Thursday, July 19, 2018

Besides Aven's anonymous prostitutes, Buck Bannon, the protagonist of Dougie Bailey's DEVIL MAKE A THIRD, has three sexual partners in the novel: Big Vic, Ivy Longshore and Lota Kyle. These three fictional characters have two counterparts in the life of Dothan's Buck Baker, Bailey's inspiration for his novel's main character. They are the two women who married Baker: Ida Clark in 1898 and Eula Stagg in 1919. How Bailey took the story of the two main women in his uncle's life and turned them into the three fictional characters in his book is presently the target of my research. Somebody out there in CYBERLAND seems to be interested. My DEVIL MAKE A THIRD blog had over 1000 visitors last month and has now totaled almost 26,000 views. Check it out and I'd appreciate any comments or recommendations. The ONLY WAY you can know the STORY OF DOTHAN is to understand DEVIL MAKE A THIRD. "The past is prologue" ~ William Shakespeare (Because Bailey chose to name his novel after a Shakespearean quote, it is entirely appropriate that the ALABAMA SHAKESPEARE FESTIVAL should dramatize this ground-breaking novel. I find it ironic that Landmarks Park, located on land once owned by the Baker family, was built by the Landmark Foundation which was founded in 1976 by members of the Southeast Alabama Community Theatre who were concerned about preserving the City Auditorium, built in 1915 during the administration of Mayor Buck Baker.)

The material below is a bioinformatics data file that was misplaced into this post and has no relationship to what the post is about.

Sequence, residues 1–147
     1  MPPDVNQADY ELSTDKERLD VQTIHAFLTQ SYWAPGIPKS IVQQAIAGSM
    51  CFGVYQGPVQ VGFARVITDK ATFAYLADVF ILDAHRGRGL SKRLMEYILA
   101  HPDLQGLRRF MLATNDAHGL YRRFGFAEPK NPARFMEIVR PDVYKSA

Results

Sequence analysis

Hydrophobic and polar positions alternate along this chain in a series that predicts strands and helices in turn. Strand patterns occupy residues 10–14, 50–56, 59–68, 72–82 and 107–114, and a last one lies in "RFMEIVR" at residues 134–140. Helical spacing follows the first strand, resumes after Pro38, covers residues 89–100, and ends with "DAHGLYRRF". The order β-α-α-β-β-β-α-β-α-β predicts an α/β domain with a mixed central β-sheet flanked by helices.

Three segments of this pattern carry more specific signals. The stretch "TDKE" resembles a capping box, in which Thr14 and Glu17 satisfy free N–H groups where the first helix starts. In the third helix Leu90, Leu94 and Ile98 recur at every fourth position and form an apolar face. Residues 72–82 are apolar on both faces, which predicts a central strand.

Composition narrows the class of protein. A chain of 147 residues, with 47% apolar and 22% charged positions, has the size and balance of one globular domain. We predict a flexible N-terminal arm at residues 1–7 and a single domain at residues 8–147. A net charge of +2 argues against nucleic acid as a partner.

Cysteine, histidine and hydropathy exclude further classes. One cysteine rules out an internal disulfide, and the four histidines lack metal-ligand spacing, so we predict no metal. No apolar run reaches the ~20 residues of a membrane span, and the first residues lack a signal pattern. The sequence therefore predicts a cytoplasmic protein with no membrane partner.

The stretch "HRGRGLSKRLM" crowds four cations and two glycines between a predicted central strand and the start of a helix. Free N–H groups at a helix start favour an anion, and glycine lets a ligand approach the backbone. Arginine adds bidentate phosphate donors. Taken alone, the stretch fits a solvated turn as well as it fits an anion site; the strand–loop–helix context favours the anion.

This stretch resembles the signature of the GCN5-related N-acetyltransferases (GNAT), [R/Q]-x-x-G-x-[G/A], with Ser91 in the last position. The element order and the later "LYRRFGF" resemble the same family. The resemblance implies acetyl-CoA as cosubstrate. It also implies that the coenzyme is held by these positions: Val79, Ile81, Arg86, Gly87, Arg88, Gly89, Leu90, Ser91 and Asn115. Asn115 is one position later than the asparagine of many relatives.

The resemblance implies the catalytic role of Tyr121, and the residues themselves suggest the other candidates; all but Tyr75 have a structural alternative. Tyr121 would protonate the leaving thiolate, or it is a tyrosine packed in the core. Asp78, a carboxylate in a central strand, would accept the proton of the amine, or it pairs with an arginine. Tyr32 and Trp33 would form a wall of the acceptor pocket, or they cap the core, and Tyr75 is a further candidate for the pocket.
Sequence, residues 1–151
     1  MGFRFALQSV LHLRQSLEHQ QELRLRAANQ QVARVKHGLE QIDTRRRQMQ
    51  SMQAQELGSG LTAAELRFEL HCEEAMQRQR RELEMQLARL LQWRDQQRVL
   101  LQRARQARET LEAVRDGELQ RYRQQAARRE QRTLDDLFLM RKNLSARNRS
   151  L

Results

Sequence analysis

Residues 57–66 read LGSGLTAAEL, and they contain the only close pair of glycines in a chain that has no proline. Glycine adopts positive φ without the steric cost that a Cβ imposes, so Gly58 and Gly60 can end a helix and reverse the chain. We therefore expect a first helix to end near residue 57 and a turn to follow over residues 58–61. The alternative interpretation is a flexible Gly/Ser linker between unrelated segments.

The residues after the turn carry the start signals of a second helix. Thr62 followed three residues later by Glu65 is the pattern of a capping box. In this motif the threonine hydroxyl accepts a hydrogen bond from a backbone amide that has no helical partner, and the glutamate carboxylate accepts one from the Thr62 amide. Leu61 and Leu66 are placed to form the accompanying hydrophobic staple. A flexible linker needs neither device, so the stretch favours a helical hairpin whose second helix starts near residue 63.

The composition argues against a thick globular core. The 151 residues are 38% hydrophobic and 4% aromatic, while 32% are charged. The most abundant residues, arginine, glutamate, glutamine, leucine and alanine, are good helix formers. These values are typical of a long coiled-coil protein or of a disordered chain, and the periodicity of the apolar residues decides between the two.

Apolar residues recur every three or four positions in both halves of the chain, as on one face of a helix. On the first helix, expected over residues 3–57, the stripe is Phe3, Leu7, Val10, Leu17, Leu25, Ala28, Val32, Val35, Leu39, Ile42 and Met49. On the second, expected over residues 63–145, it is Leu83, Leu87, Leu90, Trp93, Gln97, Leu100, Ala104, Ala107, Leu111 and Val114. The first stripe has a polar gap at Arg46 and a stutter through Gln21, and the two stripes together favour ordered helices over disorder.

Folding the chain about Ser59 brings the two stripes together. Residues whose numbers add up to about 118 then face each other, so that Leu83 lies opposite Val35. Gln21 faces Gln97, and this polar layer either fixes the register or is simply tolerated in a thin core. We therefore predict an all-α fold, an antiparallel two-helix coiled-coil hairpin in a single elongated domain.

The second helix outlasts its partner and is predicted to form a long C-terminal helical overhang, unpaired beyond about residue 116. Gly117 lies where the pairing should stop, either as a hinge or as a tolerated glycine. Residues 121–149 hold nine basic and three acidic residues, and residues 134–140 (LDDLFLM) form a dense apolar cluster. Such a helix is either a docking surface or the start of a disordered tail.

Tuesday, July 17, 2018

 from page LX of House Documents, Otherwise Published as Executive Documents, 13th Congress, 2d Session-49th Congress, 1st Session – 1834-35

"Proposals for supplying bricks and lime were advertised for at Mobile, in 1822, and Captain De Russey, in a letter written to the Engineer Department soon after the proposals were received, stated that 'lime at the kiln will be obtained at fifty cents per barrel;' and in a subsequent letter he represented that an arrangement for 4,000 barrels at that price, received at the kiln, had been entered into. With the accounts of the disbursing officers at Mobile, there are vouchers showing that 2,716 barrels were paid for at that price, and 619 barrels at 62 and one half cents; that the rate paid for the transportation of lime from the shell banks was 18 and three quarter cents per barrel ; and that, thereafter, shell lime was manufactured by the United States, and a compensation at the rate of 12 and one half cents per barrel, amounting to several thousand dollars, paid to L. De Vauberay for superintending the making of it. The contents of a barrel appear to have been about 2 and two third bushels, and at 50 cents per barrel, therefore, without any addition for transportation, the bushel would be 18 and three quarter cents; and Lieutenant Ogden's deposition, it will be seen, declares that it was valued at 20 cents. For the other ingredients, sand and water, the estimate in the proposed award makes no allowance, but, with regard to them, observes, that ' the testimony of Colonel Gadsden, Majors De Russey and Fisher, all state they were under foot, and therefore its cost is nothing.' Colonel Gadsden's answer is as follows : 'Sand and water were both on the spot : the digging of the former, and a well to be sunk (not exceeding 15 feet) for the latter, was the only expense to be incurred.' "